Sunday, February 28, 2010

Ten days in Uniform

It is 32 years since I last regularly wore a uniform. I was in Regimental Instructor in the South African Air Force (which now seems like another life). One of my duties was to ensure that the troops dressed correctly – and to frighten them into correcting anything that was out of order. Well I have worn my clerical uniform since Ash Wednesday.

This has become my Lenten practice/penance. I have worn a clerical shirt every day of the past ten days. And in the process of doing this, I have discovered that I have both given up something, and taken on something.

I have discovered that wearing a clerical shirt takes away my anonymity. I am now noticed. In the past week I have taken two weddings and a funeral (why does this sound familiar?), and numerous church services and meetings. Here the clerical collar was accepted mostly without comment – although some wondered why I was “dressed for a funeral”. It was the other occasions that raised comment: I attended a 21st birthday party at a beach venue at Yzerfontein; I went to On Broadway, a dinner theatre venue; I went to the Maynardville Carnival; and in between I had coffee at VidaE, and Dulce Café; and shared meals at Montebello, and Kauai. These moments caused more than a second glance, with me being aware of ‘being watched’ and others around me aware of my presence. Someone remarked that she had spotted me at the theatre because of my collar, while many strangers at the Carnival either greeted me or – more disturbingly - moved out of my way. The 21st party did not know what to make of me, but it was my niece’s party and she is always unfailingly warm and welcome of me.

What have I gained? I have gained an awareness of living my life for Jesus. The outer garment is a constant reminder of this. It is always my desire to integrate my religious practice with my daily living, but I realise just how easy it is to rise to the occasion from time to time, but mostly to survive the daily pressures of life with little conscious thought of living for Christ (Note to self: I must read Brother Lawrence again). I have also gained an acute awareness of representing the Christian Church. I have had many greet me as “Father” and “Priest”, although my own church tradition does not ask this. In the process I have been humbled by this respect (entirely unmerited), and aware of the way I struggle represent the Church. Because right now my church has persecuted my friend and colleague Ecclesia de Lange for her sexual orientation. She has been dismissed by the Presiding Bishop from her ministry because she married her partner Amanda. I do not want to represent this awful legalism, and yet I am called to be part of this church. I continue to experience the deep conviction that I am exactly where God wants me to be.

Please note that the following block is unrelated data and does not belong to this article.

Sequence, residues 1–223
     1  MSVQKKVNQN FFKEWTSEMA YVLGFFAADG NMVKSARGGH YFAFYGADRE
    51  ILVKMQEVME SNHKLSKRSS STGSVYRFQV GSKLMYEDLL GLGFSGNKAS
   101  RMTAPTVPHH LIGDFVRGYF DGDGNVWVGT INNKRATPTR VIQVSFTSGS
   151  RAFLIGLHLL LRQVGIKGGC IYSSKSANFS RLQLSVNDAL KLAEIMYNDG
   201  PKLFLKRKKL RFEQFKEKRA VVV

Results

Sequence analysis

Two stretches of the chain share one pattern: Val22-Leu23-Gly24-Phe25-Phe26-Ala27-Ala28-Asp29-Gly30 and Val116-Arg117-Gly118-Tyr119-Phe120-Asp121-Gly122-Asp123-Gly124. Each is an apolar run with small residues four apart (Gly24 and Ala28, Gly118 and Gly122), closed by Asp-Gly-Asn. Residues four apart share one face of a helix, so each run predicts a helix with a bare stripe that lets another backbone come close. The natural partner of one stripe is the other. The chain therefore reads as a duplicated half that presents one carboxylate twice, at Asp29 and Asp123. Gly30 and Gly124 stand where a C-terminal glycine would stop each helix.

So I will continue to wear my uniform for in Lent: and learn the lessons God has for me. While I do not run road races in my collar, I look at the next few weeks and I see that I have taken a weekend off to attend the Buffalo motorcycle rally – I will keep you posted!

Sunday, February 21, 2010

The Funeral

I walked into a swaying throng of singing people – mostly dressed in the red and black uniform of the Methodist Church of SA.

On Friday morning I attended the funeral of Nonkosi Makananda, the wife of my friend and colleague Fikile. The venue was the Langa community hall, which was really too small for the occasion, but was the largest building available. I am not really good at estimating numbers, but at a guess I would say that there were 1500 people present. … five of us were white surrounded by a grieving black community.

I had nothing to say, and had no official part to play in the proceedings, but just being there was enough for me. This is consistent with the African urge towards ubuntu – a concept of human solidarity encapsulated in the Zulu maxim umuntu ngumuntu ngabantu. I believe that my humanity only becomes real when it connects with others, and in attending this funeral I became part of the human community. And it is here that I recognized the sharp division between the white and black members of my denomination: black Methodist people came to this funeral from all over the country, while white Methodists were conspicuous by their absence. For black Methodist this was about standing alongside a family in their grief, something white Methodists simply do not understand.

White South Africans are generally very bad at dealing with death. We want our funerals to be swift and painless; we want our grieving to be private and invisible; and we do our best to “put it behind us” and to “move on with our lives.” In the process we do not grieve well, and have very little space to find real spiritual healing from the trauma of death – witness the thriving trade of psychologists, spiritualist mediums, and anti-depressant medication. And for this reason we avoid funerals.

I stood alongside my friend Fikile – because I am a human being who recognized his humanity.